Srini: It is my pleasure to have you here. So I found out about you because you have a new book out called Attention Span, which obviously is something that I think every one of us who is listening to this is concerned with, and your name had come up so many times in the books I've read by former podcast guests, so I figured it was a no-brainer to reach out to you. But before we get into the book and your work, I wanted to start by asking you, what did your parents do for a living and how did that end up shaping what you ended up doing with your life and career?

Gloria Mark: Vince, that's very interesting. My father was an auditor for the government. He actually worked for the Air Force as a civilian. And my mother was a secretary and later became a court reporter, but she also worked for the government. Yeah, both of my parents worked for the government.

Srini: What impact did that end up having on you? And what was your narrative about making your way in the world, in your household? Because I remember from early on in the book that you actually initially pursued a career in the arts.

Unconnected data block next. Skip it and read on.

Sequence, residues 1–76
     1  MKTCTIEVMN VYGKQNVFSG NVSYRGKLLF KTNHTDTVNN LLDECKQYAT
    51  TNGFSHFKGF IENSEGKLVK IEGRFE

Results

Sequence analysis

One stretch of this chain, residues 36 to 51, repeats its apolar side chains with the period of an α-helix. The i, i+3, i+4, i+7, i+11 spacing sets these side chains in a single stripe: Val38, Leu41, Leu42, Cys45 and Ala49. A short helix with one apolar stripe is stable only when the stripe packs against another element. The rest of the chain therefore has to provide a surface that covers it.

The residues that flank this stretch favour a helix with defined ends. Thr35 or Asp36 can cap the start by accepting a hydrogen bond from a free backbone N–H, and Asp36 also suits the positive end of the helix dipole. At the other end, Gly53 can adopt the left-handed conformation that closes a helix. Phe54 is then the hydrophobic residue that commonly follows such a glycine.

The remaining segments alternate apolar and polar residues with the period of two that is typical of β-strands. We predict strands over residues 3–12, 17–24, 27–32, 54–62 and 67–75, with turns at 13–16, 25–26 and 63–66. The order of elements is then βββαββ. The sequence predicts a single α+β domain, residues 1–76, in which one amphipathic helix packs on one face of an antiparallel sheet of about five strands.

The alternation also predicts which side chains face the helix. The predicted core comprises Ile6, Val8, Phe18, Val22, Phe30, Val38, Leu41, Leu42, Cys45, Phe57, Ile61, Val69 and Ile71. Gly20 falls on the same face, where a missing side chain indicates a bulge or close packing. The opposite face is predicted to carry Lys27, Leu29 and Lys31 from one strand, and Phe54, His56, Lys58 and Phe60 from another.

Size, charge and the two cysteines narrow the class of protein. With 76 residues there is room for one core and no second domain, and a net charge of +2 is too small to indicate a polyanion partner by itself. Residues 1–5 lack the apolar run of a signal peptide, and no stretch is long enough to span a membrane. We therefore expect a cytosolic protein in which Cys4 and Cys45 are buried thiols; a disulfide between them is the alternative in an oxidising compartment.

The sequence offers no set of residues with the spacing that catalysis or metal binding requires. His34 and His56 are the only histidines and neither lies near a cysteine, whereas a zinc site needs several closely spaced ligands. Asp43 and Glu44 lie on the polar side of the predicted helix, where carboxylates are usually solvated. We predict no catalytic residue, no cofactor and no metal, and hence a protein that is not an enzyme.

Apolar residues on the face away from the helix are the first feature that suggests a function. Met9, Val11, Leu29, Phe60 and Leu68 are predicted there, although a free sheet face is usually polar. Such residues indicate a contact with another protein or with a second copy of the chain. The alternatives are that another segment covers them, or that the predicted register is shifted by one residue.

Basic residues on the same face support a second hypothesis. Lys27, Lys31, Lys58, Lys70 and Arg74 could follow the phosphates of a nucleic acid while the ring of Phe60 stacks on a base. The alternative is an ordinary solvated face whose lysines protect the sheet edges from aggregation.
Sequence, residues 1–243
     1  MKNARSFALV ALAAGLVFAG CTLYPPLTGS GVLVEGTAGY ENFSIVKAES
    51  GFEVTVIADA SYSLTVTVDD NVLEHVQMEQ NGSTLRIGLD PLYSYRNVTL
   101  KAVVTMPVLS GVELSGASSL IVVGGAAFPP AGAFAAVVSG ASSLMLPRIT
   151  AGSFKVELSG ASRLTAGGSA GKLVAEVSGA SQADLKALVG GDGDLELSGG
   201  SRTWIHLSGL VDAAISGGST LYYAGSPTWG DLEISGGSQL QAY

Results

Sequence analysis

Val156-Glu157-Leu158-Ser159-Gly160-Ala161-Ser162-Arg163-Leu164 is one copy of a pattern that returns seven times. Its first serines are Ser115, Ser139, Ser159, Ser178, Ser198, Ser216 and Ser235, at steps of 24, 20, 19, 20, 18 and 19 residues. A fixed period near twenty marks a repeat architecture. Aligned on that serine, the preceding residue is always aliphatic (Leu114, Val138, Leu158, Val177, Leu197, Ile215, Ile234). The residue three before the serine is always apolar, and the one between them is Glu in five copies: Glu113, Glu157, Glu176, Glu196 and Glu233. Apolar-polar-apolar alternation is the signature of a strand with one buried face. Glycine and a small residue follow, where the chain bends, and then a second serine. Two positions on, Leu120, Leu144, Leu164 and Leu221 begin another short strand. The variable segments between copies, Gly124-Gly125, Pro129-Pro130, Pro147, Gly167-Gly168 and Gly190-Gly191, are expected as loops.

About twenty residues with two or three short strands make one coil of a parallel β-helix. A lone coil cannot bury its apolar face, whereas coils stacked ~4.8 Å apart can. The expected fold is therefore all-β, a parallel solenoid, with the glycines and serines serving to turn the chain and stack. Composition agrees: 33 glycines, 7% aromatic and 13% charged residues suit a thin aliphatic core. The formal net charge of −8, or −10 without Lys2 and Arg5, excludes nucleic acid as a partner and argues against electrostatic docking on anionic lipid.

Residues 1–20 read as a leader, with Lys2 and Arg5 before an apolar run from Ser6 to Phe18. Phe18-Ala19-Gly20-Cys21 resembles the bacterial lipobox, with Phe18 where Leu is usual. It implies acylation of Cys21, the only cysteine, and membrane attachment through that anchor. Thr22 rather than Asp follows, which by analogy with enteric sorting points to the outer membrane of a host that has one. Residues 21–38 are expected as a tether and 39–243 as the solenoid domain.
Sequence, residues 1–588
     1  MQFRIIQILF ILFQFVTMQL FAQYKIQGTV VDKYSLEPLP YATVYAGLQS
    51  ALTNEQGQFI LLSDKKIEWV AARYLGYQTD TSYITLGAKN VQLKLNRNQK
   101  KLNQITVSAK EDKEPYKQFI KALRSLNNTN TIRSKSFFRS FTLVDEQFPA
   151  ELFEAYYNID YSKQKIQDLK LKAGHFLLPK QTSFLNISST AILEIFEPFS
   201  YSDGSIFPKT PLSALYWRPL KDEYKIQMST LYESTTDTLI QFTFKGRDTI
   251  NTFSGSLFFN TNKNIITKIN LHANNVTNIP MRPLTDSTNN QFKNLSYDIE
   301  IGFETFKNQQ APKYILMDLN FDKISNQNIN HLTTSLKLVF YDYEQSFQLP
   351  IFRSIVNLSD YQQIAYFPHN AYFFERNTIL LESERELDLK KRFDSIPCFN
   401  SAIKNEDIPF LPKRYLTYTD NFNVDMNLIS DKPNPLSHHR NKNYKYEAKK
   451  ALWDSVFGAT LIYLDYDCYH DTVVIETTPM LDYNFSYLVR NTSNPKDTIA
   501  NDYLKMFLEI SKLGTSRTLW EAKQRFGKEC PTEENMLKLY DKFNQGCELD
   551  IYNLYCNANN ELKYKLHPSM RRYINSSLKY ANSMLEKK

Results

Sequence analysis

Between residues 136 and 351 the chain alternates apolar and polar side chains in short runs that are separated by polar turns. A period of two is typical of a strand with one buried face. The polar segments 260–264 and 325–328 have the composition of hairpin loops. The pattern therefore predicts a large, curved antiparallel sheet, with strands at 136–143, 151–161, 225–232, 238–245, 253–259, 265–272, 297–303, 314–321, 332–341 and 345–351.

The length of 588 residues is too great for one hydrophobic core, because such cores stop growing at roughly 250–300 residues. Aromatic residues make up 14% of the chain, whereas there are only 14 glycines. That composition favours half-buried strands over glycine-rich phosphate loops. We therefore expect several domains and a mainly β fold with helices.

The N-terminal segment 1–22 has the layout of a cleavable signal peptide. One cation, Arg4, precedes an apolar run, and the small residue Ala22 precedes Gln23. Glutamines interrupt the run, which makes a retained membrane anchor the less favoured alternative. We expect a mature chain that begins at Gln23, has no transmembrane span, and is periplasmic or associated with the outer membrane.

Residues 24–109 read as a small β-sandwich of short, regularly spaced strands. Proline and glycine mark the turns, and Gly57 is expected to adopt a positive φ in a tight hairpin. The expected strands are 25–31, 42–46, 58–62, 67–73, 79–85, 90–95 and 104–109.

Gloria Mark: Yes. So, it wasn't so much the fact that my parents worked for the government. It was more the fact that my parents really had an appreciation for reading. And so they read a lot. They, in fact, always disparaged our school system because they didn't force kids to read so much. But my parents were role models in the sense that they not only read a lot, but I felt that they had more of an intellectual bent than most of the people in the area where I grew up.

Srini: every time I talk to educators, I am always curious about how they would actually redesign our modern education system. I know that you are in the UC system. My dad is a professor in the UC system, and he and I go back and forth constantly about the value of education. And as a Berkeley undergrad, I always joked that I was a failed byproduct of this system.

But if you had been tasked with redesigning the entire system from the ground up, based on your upbringing and what you said about not instilling more reading in kids, what would you change about the way that we educate?

Gloria Mark: People? Oh, wow. That's a big topic. Do you want me to talk from the perspective of the student or the perspective of professors and teachers?